Full Disclosure is dead. Let me explain why. The information security world has changed, even if some don’t see it or are unwilling to accept it.
Vulnerability disclosure discussions based upon ethics are morally antiquated and naïve at best considering today’s cyber-security climate.
“Responsible disclosure,” supported by industry power players (sage old men and large software vendors), demands that security researchers who discover new vulnerabilities first privately share them with the software vendor (to develop a patch), then publicly advertise the impact to persuade people to patch. Researchers must also navigate the entire and often time-consuming disclosure process without receiving or asking for monetary compensation.
In exchange for performing quality assurance for the software vendor and a good deed for the community at-large, the only benefits (if any) for the researcher are usually indirect, in the form of notoriety. On the flipside, there is the potential for negative media attention, community criticism and uncooperative vendor dialogue as their reward. Some researchers object to the “responsible disclosure” philosophy preferring “full disclosure” which provides everyone access to the same information at the same time. Across the board though, any researcher seeking financial reward for their time and energy is labeled unprofessional, unethical or an extortionist, as are the marketplaces trading in undisclosed vulnerabilities (zero-days).
Over the years many highly skilled researchers have chosen to conduct their work in private. They refrain from public release or perhaps discontinue their efforts entirely as a way to avoid the drama and hassles. Researchers instead may choose to pursue a steady paycheck rather than an ego boost. Interestingly, an increasing number of researchers are now discovering vulnerabilities and selling them to a third-party who discloses it to the software vendor. This seems to provide some middle ground. The researcher profits a few hundred dollars to as high as five figures, the third party gets to leverage some unreleased information to their customer base and increase their notoriety, and the software vendor is allowed time to patch. Win-win-win.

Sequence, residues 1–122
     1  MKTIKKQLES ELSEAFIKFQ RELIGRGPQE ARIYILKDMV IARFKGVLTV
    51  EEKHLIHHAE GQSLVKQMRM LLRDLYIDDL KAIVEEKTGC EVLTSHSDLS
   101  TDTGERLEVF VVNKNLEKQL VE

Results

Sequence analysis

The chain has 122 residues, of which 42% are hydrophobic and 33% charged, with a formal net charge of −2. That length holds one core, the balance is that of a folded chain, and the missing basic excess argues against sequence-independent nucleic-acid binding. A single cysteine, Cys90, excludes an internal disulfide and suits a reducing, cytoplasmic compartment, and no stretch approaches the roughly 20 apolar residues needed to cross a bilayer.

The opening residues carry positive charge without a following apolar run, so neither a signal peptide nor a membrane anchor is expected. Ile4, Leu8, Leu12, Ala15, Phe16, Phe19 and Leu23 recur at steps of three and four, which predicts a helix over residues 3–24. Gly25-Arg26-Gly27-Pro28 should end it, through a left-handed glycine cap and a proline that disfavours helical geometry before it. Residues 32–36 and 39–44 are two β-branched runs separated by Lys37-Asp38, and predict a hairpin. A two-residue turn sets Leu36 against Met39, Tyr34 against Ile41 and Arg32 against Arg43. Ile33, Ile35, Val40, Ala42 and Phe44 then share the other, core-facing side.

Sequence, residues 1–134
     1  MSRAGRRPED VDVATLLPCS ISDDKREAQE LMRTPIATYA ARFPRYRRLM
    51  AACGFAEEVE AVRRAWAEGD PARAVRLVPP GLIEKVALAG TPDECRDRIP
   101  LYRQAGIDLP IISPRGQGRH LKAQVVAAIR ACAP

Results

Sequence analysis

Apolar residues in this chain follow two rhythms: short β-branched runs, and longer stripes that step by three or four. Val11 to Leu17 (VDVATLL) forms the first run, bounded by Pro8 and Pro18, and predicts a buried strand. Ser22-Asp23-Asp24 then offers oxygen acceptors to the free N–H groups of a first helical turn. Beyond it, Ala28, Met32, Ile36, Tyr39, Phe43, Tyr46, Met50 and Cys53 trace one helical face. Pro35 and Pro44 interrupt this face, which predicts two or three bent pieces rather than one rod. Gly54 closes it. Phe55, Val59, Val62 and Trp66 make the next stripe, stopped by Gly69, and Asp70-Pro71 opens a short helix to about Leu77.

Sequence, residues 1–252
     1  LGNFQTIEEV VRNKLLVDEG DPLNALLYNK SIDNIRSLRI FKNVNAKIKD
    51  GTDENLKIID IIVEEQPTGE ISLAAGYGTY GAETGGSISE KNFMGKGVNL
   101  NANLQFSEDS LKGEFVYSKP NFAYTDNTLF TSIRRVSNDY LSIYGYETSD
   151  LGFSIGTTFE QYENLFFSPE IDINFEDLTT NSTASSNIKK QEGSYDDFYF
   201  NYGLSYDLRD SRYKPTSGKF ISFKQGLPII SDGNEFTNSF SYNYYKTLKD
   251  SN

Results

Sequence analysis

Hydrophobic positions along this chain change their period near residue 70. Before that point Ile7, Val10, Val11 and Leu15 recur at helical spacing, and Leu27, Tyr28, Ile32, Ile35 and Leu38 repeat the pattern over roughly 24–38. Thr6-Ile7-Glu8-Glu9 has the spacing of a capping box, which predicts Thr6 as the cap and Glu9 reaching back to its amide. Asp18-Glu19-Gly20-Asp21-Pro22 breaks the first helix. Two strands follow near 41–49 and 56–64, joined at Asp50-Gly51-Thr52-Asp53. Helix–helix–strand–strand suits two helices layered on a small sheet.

Unfortunately anyone relying on the vulnerable software (users, corporations, governments, etc.) does not get access to this information and is therefore unable to protect their systems in the manner they deem appropriate. Customers of the software vendor are at the mercy of the patch development cycle and however long it may take. This may take weeks, months, and sometimes years. Furthermore, it’s not like the vulnerability data itself can’t be compromised during the knowledge transfer. Who’s to say a rogue employee at the software vendor or the third party with access to the data won’t turn around and quietly release or sell it off. This is another point of contention for those who advocate in full disclosure.
Unquestionably, zero-day vulnerabilities have an increasing real-world value to many different parties. We should expect more and more researchers to demand and receive payment from governments, software vendors, security vendors, enterprises or someone on the black market. It has already happened and will continue. The evolution is underway and it will become more prevalent in the next few years as it becomes routine for our systems to be compromised using unknown vulnerabilities. This environment will force us to evolve our thinking and mature our offensive and defensive security strategies – fueling the need for third-party patches, subscriptions to unreleased vulnerability information, and general underground industry intelligence. We’re already seeing these services being offered on the fringe (legally and illegally) and slowly moving towards mainstream acceptance as the business models are better understood. So it’s not a matter of if, but when.